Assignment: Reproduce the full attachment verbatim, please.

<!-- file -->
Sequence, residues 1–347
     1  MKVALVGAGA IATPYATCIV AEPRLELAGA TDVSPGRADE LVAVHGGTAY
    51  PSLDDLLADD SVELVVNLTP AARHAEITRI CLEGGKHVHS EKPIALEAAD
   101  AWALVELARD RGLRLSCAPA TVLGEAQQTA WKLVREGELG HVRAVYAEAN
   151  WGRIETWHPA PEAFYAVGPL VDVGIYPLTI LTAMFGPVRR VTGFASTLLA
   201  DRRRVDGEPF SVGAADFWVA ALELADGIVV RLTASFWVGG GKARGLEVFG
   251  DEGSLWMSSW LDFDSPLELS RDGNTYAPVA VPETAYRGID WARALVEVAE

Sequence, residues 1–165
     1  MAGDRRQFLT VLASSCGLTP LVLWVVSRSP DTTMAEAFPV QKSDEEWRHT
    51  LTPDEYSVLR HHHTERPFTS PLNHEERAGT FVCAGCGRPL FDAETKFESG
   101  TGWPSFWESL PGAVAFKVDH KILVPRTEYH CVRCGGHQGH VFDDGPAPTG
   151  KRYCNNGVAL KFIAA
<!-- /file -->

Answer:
Sequence, residues 1–347
     1  MKVALVGAGA IATPYATCIV AEPRLELAGA TDVSPGRADE LVAVHGGTAY
    51  PSLDDLLADD SVELVVNLTP AARHAEITRI CLEGGKHVHS EKPIALEAAD
   101  AWALVELARD RGLRLSCAPA TVLGEAQQTA WKLVREGELG HVRAVYAEAN
   151  WGRIETWHPA PEAFYAVGPL VDVGIYPLTI LTAMFGPVRR VTGFASTLLA
   201  DRRRVDGEPF SVGAADFWVA ALELADGIVV RLTASFWVGG GKARGLEVFG
   251  DEGSLWMSSW LDFDSPLELS RDGNTYAPVA VPETAYRGID WARALVEVAE

Sequence, residues 1–165
     1  MAGDRRQFLT VLASSCGLTP LVLWVVSRSP DTTMAEAFPV QKSDEEWRHT
    51  LTPDEYSVLR HHHTERPFTS PLNHEERAGT FVCAGCGRPL FDAETKFESG
   101  TGWPSFWESL PGAVAFKVDH KILVPRTEYH CVRCGGHQGH VFDDGPAPTG
   151  KRYCNNGVAL KFIAA